Monday, September 12, 2016

The Affinities, by Robert Charles Wilson

I just finished reading The Affinities, by Robert Charles Wilson. Before I discuss my impressions, the usual disclaimer applies: De gustibus non est disputandum. I have only one criterion when I evaluate a work of science fiction -- did I enjoy reading it? So if your own tastes are similar to my own, you might find my comments interesting. Otherwise feel free to ignore everything I say.

My own interests run strongly toward "hard" science fiction, and I am a particular fan of "idea" stories -- these are stories where an amazing speculative idea is central, rather than character, or writing style. I also like clever endings. All of this is much easier to pull off in short fiction than in a novel. These kinds of stories are characteristic (in the golden age) of Clarke and Asimov, and more recently authors like Vernor Vinge and Greg Egan. Stephen Baxter is also someone whose novels I ought to enjoy, but I've never been able to make it through them. Why not?  I haven't got the faintest idea. I warned you that my opinions are totally subjective -- sometimes I cannot even explain them myself. I do like Baxter's short fiction, though.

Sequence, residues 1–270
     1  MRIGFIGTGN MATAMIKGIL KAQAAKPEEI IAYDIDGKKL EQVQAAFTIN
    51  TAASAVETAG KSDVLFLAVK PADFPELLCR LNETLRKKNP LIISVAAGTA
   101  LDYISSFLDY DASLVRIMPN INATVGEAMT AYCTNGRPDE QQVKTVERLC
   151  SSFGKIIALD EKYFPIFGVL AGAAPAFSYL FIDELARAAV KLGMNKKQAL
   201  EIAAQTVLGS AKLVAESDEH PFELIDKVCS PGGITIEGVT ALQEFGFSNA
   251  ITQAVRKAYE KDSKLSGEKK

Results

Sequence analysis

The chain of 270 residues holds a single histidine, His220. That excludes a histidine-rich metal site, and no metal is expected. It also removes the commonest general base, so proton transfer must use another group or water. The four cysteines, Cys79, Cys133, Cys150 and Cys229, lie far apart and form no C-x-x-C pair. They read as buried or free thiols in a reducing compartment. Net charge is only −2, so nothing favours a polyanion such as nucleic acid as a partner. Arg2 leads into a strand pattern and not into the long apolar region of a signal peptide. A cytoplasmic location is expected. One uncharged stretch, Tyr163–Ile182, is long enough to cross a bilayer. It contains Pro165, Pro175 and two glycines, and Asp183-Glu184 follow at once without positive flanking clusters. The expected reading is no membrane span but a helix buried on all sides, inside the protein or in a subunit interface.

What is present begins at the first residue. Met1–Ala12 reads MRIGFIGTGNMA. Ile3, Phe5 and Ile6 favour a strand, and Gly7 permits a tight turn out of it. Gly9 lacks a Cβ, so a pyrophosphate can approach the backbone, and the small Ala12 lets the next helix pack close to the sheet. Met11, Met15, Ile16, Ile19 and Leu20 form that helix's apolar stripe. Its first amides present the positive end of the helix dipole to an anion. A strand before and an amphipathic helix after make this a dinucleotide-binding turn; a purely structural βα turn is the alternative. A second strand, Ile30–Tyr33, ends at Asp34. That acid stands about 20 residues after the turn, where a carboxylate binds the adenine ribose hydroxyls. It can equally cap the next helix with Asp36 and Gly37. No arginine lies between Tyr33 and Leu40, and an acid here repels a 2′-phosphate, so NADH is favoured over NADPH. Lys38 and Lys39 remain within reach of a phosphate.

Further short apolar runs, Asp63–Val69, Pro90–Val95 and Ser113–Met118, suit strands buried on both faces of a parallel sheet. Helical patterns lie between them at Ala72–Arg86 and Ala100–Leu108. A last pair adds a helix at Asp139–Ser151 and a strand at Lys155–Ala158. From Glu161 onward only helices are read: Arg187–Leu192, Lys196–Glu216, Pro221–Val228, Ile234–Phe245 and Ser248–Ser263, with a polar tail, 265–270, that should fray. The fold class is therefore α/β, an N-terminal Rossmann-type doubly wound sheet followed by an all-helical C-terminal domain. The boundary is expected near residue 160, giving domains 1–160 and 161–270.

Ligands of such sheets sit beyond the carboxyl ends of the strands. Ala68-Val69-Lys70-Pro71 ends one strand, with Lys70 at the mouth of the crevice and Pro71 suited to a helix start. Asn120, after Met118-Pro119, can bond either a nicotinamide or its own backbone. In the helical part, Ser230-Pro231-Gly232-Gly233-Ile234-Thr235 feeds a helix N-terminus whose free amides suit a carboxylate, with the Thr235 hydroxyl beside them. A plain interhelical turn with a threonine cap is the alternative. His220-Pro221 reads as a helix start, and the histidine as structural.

As I've aged, I've developed a greater appreciation for realistic characters and a more florid writing style. Perhaps this is incipient senility. It's the latter (wonderfully-drawn characters, not senility) that is Robert Charles Wilson's particular strength. When he's able to combine this with a Big Idea (as he did in Darwinia and Spin) the result is some of  the best science fiction I've ever read.

The Affinities offers Wilson's usual excellent character development, but it falls short on the Big Idea. The novel takes place in a world in which psychometric testing has allowed humans to collect themselves into groups of similar temperament, with which they feel an automatic sense of trust and "belonging." A reasonable idea, but not one that really gave me a sense of wonder (to overuse that overused phrase). In fact, it doesn't seem all that implausible to be able to do something like that right now. Neal Stephenson had a more interesting take on this idea in The Diamond Age.

So on the whole, I certainly enjoyed The Affinities, but it doesn't rank with Wilson's best work. This also points out some important advice for new writers: if you never produce anything particularly outstanding, no one will ever be able to criticize something you've written as not measuring up to your best work. It has worked for me!

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